Slavery Is Still Legal in Louisiana

Louisiana State Penitentiary_Louisiana_Entrance” by is licensed under CC BY 2.0

Louisiana House Bill 196, which was an amendment that would have prohibited slavery and involuntary servitude in Louisiana, was killed by the House Committee on Civil Law and Procedure last week. 

Currently, according to the state’s constitution, “Slavery and involuntary servitude are prohibited, except in the latter case as punishment for a crime.” Representative Edmond Jordan, who wrote the proposed amendment, would have put a period after “prohibited,” fully outlawing slavery. 

When he first filed the bill, Jordan was not optimistic it would pass. “Anyone of good conscience should be embarrassed by this … should be appalled by this … should want to see this go away,” Jordan said. “But I’m not a fool to think that everybody is of good conscience. I’m sure for as easy as a lift as this should be, that some will make up reasons to oppose it.”

Jordan’s predictions were correct, with the nine Republicans on the Louisiana House Committee on Civil Law and Procedure coming up with reasons to oppose the legislation, while simultaneously having the gall to verbally clarify that their defense of slavery in Louisiana’s constitution doesn’t mean they are pro-slavery. They have apparently never heard the phrase “actions speak louder than words” because there is no action more pro-slavery than voting to keep it legal. 

Rather, they said they feared that removing the slavery exception could be “dangerous” resulting in some negative consequence that is somehow worse than legal slavery. 

“I think this might be one of the most dangerous bills we’ve seen this session,” commented Representative Alan Seabaugh. “I’m afraid this (bill) might open the door to some legal challenges of every felony conviction in Louisiana. And that’s just not a can of worms I’m willing to open.”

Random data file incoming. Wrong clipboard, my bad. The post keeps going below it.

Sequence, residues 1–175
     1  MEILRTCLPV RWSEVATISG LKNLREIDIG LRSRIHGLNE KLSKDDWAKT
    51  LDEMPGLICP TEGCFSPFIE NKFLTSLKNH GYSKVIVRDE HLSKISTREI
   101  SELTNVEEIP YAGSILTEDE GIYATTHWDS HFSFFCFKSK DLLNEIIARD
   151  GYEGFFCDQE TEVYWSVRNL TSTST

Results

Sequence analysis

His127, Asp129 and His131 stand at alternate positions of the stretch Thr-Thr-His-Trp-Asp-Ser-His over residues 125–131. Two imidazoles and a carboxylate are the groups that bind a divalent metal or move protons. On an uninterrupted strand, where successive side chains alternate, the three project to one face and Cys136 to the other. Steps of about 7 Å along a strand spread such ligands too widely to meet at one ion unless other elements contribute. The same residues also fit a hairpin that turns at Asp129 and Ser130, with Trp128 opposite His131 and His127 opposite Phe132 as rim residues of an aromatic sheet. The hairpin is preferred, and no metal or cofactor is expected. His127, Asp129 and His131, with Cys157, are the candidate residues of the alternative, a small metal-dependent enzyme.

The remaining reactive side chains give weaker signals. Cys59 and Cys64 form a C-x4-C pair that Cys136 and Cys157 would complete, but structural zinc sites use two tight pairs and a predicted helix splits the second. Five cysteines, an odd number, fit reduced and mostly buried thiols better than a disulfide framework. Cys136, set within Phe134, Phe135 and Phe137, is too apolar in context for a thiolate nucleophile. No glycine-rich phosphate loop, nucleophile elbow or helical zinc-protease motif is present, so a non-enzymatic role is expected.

Jordan replied, “There are a host of states that don’t have this language in their constitution, and they’re imprisoning people just fine.” Rhode Island, Colorado, Nebraska, and Utah have abolished all forms of slavery, and dozens of other states are considering similar legislation. 

“All you’re trying to do is to prohibit slavery and indentured servitude… you’re not trying to get every felon released from prison,” commented Representative Ed Larvadain III

Opponents also said Louisiana’s exception for “involuntary servitude” is consistent with the exception found in the Thirteenth Amendment of the U.S. Constitution. This exception states that slavery is illegal “except as a punishment for crime whereof the party shall have been duly convicted.” Marie Harmon, an advocate with Decarcerate Louisiana clarified, “It is a slavery exception clause.” 

Involuntary servitude, which is just a euphemism for slavery, is being forced to work for the benefit of another party. The party benefiting in this situation is The Louisiana Department of Correction’s which brought in over $9.8 million in 2019 from its factories and workshops, in which it pays its “workers” close to nothing. 

People imprisoned by the state of Louisiana make as little as 2 cents an hour, with the highest earners making only around 75 cents an hour.

After two decades of back-breaking work in inhumane conditions, Curtis Ray Davis II, executive director of Decarcerate Louisiana received only $1,200. “I spent 25 years in slavery. It was traumatizing, it was painful, physically and mentally. I felt sub-human, demeaned, socially dead,” said Davis. “I just don’t believe that Louisiana and the United States should be in the business of legalized slavery.”

Davis spoke of his experience “as a slave” in the Louisiana Penitentiary at Angola at the bill’s hearing. “I didn’t have the same level of rights and human decency as another human being.” He harvested crops like cotton and okra at Angola under terrible conditions. “This is beneath human decency to have to squat out in the field like an animal and defecate.” 

Louisiana uses its 32,000-person prison, which is mostly Black people, for a wide range of tasks, from cleaning government buildings to harvesting crops, to producing products like mops and furniture. All of them are barely paid, over-worked, and treated as less than human. 

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